Notes from the Underground
A couple of months back I wrote a story loosely based on my experiences working on the London Underground.
I’m delighted the story ‘The Debt he Carried’ has been published today by London literary magazine Notes from the Underground. You can read it here
After graduating I spent two years working as a transport policeman on the Piccadilly and District lines until I could no longer afford London rent. I met some interesting characters struggling to survive on the streets (and beneath them). They came from all over the country. Some of the regulars I chatted with, and sometimes cautioned, were from Glasgow, Nottingham, Liverpool and Stoke. London was an escape, or perhaps it just brought anonymity, numbers to get lost in.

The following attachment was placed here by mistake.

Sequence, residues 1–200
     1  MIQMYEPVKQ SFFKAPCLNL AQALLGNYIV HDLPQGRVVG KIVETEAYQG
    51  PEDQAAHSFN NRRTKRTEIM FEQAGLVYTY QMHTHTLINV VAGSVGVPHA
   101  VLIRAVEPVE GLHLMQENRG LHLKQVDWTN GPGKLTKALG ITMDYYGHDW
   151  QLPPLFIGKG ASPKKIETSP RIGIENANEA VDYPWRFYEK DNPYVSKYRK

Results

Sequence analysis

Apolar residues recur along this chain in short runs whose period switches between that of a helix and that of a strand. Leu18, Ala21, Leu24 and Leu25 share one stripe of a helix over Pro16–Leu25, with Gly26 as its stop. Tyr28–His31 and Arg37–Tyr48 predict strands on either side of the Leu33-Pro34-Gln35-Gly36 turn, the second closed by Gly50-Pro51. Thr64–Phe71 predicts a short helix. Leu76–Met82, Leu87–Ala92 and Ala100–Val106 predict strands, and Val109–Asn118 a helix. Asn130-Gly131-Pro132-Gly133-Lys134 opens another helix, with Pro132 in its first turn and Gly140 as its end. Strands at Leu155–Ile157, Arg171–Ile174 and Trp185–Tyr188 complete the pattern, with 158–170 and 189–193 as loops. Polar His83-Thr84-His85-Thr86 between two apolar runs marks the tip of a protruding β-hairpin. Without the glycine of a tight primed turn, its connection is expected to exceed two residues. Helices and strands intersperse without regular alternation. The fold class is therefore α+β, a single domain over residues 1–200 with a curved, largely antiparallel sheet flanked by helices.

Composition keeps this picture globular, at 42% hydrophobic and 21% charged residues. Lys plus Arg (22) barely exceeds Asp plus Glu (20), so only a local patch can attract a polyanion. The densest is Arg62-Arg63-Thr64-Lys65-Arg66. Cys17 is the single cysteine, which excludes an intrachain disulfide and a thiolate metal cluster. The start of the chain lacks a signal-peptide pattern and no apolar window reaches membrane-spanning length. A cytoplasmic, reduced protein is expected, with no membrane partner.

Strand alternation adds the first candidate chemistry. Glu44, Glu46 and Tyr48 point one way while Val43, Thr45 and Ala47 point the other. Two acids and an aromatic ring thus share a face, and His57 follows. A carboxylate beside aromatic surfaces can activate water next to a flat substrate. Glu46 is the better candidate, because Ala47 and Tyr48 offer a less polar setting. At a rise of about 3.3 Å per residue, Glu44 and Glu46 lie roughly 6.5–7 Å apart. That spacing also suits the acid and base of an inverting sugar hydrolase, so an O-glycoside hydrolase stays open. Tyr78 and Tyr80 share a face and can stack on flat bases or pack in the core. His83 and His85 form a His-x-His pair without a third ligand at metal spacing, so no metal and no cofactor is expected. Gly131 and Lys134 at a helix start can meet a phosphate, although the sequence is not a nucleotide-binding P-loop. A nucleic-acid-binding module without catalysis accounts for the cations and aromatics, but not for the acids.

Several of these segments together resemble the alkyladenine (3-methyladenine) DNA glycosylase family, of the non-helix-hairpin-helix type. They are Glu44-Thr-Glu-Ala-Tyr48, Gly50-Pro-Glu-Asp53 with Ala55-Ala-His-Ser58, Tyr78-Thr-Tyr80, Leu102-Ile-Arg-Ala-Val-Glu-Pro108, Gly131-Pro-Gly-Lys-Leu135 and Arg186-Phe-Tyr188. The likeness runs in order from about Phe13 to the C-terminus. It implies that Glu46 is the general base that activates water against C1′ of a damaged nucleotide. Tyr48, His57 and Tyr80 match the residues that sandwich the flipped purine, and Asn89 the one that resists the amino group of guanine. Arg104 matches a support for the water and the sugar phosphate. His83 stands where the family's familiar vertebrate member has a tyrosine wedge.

The Underground was like a spin cycle that spat you out…
It was a hard and often dangerous existence. Anyone who believes the streets are a soft option should try out the nearest doorway (in February). I’d begin night shifts and, after chucking-out time, grab a coffee and watch the pavements glitter as frost spread and foxes began to emerge scurrying away with discarded kebabs and chicken bones. Violence was commonplace. So was drink. Commuters shunned these people, raising newspapers against the sight of grimy fingers and the smell of cheap grog and stale sweat. There was kindness too, but you had to look for it.